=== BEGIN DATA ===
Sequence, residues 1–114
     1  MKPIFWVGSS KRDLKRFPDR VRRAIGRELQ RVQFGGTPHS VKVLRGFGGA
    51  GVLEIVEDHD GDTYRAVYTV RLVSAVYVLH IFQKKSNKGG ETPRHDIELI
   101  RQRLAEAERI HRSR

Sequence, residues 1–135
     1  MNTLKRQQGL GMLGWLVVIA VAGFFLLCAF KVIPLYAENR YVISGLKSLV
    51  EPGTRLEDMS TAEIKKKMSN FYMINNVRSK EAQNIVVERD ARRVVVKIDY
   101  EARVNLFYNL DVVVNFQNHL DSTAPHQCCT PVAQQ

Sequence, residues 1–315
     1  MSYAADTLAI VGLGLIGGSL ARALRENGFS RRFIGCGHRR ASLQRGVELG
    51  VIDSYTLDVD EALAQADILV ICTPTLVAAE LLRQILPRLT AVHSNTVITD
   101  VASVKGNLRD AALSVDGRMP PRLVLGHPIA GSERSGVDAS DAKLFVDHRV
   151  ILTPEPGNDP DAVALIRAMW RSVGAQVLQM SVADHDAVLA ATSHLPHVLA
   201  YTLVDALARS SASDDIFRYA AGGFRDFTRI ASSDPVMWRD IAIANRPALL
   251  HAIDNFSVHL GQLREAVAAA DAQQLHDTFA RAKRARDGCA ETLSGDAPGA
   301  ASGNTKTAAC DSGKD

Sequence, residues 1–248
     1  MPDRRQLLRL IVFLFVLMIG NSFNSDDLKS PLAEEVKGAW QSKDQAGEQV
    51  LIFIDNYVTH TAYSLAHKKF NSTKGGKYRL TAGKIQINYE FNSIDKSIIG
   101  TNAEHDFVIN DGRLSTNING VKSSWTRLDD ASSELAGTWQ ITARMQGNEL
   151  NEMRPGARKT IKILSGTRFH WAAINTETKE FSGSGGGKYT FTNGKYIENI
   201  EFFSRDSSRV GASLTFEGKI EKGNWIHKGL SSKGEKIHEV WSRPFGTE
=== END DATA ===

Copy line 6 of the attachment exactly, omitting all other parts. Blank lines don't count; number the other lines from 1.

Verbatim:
     1  MNTLKRQQGL GMLGWLVVIA VAGFFLLCAF KVIPLYAENR YVISGLKSLV